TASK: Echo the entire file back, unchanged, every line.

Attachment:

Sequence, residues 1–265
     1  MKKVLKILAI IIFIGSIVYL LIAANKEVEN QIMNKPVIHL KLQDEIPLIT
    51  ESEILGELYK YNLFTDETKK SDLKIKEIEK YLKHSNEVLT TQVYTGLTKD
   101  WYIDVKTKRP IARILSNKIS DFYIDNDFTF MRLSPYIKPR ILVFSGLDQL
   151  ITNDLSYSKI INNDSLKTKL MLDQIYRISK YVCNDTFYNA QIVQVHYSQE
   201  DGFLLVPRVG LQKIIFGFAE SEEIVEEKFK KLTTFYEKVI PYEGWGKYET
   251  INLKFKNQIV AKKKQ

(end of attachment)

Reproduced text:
Sequence, residues 1–265
     1  MKKVLKILAI IIFIGSIVYL LIAANKEVEN QIMNKPVIHL KLQDEIPLIT
    51  ESEILGELYK YNLFTDETKK SDLKIKEIEK YLKHSNEVLT TQVYTGLTKD
   101  WYIDVKTKRP IARILSNKIS DFYIDNDFTF MRLSPYIKPR ILVFSGLDQL
   151  ITNDLSYSKI INNDSLKTKL MLDQIYRISK YVCNDTFYNA QIVQVHYSQE
   201  DGFLLVPRVG LQKIIFGFAE SEEIVEEKFK KLTTFYEKVI PYEGWGKYET
   251  INLKFKNQIV AKKKQ